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officers in the vicinity of 14th and Clark ('they looked at us pretty hard'), the idea of stealing an auto in that area was discarded. Riley then proposed using the car he had previously sold his brother, a 1955 red and white Ford station wagon. Riley got the station wagon and parked it a few blocks from the Bank. Riley and the defendants then proceeded to drive around St. Louis in order to steal a license plate to put on the auto, which theft Riley accomplished. They then went to Mixen's home where Riley was made up with a heavy moustache by Mixen and Hanger, and Meyer covered a scar on Riley's face with women's makeup. Mixen gave Riley a pair of black-rimmed reading glasses, a brown hat and a brown accordion briefcase. Riley was offered a .38 snub-nosed pistol, but refused it, saying he 'was too nervous, too shaky to take a pistol.'

Riley and the defendants then drove in Mixen's auto to where the station wagon was parked about three or four blocks from the Bank. Hanger and Riley got into the station wagon, and Hanger dropped Riley off one block from the Bank at the prearranged rendezvous point. Riley walked into the Bank, about 12:30 p.m., and after standing in line for a few minutes walked out and back to where Hanger was parked in the station wagon with the motor running. He explained that there was a guard in the Bank that he thought was watching him. Hanger, displeased at Riley's abortive attempt, then drove about fifteen blocks where they met Mixen and Meyer. The four then discussed Riley's failure to perform. Hanger and Mixen stated 'they needed money pretty bad' and 'the idea come up about a supermarket.'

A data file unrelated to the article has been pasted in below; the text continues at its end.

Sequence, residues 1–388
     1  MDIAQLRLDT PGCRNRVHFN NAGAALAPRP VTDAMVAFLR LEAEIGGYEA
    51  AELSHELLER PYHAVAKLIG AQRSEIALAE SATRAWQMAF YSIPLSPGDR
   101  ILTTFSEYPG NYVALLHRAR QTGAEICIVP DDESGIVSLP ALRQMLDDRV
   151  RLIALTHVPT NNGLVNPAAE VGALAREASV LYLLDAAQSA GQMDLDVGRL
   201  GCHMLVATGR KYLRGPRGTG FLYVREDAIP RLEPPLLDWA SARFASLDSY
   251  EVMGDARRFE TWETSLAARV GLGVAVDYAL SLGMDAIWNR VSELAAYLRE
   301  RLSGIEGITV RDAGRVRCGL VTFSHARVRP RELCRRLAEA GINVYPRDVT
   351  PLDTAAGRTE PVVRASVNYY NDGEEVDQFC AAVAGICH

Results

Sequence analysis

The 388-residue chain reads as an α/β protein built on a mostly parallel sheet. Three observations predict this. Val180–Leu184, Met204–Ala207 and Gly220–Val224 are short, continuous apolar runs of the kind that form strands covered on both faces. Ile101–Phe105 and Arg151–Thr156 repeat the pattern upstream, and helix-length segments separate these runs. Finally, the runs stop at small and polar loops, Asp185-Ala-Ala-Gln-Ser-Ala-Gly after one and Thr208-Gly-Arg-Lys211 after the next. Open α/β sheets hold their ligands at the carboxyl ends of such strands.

Riley and Hanger then drove in the Ford to a shopping center in north St. Louis via Interstate 70, followed by Mixen and Meyer. Detective Scheetz, also driving on Interstate 70, recognized Hanger and Riley, particularly noticing the latter's moustache since he had never known Riley to wear one before. Detective Scheetz wrote down the number of the Ford's license plate, which he subsequently found to have been stolen on April 8 in south St. Louis. After arriving at the shopping center, defendants and Riley decided it would be better to rob the Bank.